All the Shah’s Men: An
American Coup And The Roots of Middle East Terror - By Stephen Kinzer
"Life of Dr. Mossadegh"
-- A Look at the Iranian Leader Overthrown By the U.S.
50 Years After the
CIA’s First Overthrow of a Democratically Elected Foreign Government We Take
a Look at the 1953 US Backed Coup in Iran.
After nationalizing the
oil industry Iranian Prime Minister Mohammad Mossadegh
was overthrown in a coup orchestrated by the CIA and British intelligence. We
speak with Stephen Kinzer author of All the Shah’s Men: An American Coup And The Roots of
Middle East Terror and BaruchCollege professor ErvandAbrahamian.
This month marks the
50th anniversary of America’s first overthrow of a
democratically-elected government in the Middle East. In 1953, the CIA and British
intelligence orchestrated a coup d'état that toppled the democratically
elected government of Iran. The government of Mohammad Mossadegh. The aftershocks of the coup are still being
In 1951 Prime Minister Mossadegh roused Britain's ire when he nationalized the
oil industry. Mossadegh argued that Iran should begin profiting from its
vast oil reserves which had been exclusively controlled by the Anglo-Iranian
Oil Company. The company later became known as British Petroleum (BP).
military action, Britain opted for a coup d'état.
President Harry Truman rejected the idea, but when Dwight Eisenhower took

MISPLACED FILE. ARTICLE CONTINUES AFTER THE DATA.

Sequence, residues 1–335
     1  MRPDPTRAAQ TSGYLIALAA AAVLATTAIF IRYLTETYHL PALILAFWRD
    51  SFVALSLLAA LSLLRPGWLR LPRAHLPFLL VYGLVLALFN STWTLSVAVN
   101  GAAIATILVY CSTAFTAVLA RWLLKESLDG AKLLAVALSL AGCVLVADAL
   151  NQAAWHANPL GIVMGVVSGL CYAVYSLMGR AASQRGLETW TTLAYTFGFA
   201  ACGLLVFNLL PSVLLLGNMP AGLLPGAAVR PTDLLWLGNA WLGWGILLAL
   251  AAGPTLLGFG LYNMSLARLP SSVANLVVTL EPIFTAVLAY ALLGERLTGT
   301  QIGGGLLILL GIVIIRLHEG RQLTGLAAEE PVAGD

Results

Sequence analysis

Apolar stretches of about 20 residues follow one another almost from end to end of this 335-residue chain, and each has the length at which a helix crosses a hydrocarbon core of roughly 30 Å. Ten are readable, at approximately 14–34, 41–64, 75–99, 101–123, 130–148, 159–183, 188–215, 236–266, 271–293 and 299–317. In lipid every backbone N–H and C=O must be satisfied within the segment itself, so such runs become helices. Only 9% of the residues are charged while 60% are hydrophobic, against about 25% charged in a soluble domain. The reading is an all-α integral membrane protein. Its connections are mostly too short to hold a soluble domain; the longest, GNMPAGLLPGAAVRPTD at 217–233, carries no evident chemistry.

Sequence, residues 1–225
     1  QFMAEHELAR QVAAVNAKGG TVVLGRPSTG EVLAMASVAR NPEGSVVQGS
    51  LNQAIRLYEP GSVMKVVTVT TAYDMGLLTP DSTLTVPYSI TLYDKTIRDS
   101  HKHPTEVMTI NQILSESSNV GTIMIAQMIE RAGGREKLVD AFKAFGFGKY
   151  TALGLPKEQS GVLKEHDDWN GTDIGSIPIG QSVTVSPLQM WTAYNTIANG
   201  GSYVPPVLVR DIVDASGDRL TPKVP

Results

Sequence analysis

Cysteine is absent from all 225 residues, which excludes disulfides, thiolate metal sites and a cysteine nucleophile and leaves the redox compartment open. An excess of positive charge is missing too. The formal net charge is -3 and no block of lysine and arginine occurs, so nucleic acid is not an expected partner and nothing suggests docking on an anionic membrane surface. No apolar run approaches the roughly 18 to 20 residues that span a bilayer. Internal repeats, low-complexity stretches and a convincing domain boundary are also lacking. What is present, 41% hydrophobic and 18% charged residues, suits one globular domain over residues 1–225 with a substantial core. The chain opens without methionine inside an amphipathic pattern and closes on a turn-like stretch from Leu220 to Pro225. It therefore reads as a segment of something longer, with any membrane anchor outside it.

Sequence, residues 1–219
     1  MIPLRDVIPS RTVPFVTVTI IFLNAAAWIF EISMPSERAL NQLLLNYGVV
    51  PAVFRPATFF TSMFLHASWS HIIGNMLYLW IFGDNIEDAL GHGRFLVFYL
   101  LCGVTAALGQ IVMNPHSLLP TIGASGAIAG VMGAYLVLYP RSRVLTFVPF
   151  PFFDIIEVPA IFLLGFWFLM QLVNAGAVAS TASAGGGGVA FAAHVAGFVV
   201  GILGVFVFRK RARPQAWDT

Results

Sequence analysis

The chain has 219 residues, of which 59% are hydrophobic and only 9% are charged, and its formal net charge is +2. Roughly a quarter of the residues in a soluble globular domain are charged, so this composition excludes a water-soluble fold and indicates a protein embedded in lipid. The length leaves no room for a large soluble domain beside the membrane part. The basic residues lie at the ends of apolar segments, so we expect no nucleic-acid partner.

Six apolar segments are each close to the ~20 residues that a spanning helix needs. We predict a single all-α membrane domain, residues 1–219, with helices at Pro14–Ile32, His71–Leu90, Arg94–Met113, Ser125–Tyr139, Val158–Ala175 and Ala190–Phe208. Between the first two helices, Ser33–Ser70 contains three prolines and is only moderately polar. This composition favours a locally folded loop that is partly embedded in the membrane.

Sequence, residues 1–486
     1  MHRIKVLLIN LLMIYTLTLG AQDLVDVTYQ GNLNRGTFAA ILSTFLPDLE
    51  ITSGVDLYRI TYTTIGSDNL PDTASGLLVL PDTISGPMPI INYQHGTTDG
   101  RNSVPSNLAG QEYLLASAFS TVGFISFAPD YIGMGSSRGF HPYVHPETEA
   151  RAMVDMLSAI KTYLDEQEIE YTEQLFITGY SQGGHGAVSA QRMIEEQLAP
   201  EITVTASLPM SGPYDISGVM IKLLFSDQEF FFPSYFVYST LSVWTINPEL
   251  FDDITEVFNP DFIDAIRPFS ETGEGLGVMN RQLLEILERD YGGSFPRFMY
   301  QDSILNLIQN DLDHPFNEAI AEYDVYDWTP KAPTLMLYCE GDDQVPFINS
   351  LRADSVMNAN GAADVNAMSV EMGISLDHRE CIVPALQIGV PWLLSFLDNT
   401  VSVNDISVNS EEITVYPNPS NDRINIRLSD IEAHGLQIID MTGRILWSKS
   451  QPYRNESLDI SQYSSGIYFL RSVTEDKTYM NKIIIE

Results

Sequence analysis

over the White House, he ordered the CIA to embark on one of its first covert
operations against a foreign government.
The coup was led by an
agent named Kermit Roosevelt, the grandson of President Theodore Roosevelt. The
CIA leaned on a young, insecure Shah to issue a decree dismissing Mossadegh as prime minister. Kermit Roosevelt had help
from Norman Schwarzkopf’s father: Norman Schwarzkopf.
The CIA and the British
helped to undermine Mossadegh's government through
bribery, libel, and orchestrated riots. Agents posing as communists
threatened religious leaders, while the US ambassador lied to the prime
minister about alleged attacks on American nationals.
Some 300 people died in
firefights in the streets of Tehran. Mossadegh
was overthrown, sentenced to three years in prison followed by house arrest
The crushing of Iran's first democratic government
ushered in more than two decades of dictatorship under the Shah, who relied
heavily on US aid and arms. The anti-American backlash that toppled the Shah
in 1979 shook the whole region and helped spread Islamic militancy.
After the 1979
revolution President Jimmy Carter allowed the deposed Shah into the U.S.
Fearing the Shah would be sent back to take over Iran as he had been in 1953,
Iranian militants took over the U.S. embassy - where the 1953 coup was staged
- and held hundreds hostage.
The 50th anniversary of
the coup was front-page news in Iranian newspapers. The Christian Science
Monitor reports one paper in Iran publishing excerpts from CIA
documents on the coup, which were released only three years ago.
The U.S. involvement in the fall of Mossadegh was not publicly acknowledged until three years
ago. In a New York Times article in March 2000, then-Secretary of State
Madeleine Albright admitted that "the coup was clearly a setback for Iran's political development. And it
is easy to see now why many Iranians continue to resent this intervention by America in their internal
In his book All the
Shah’s Men, Kinzer argues that "it is not
far-fetched to draw a line from Operation "Ajax" was the name of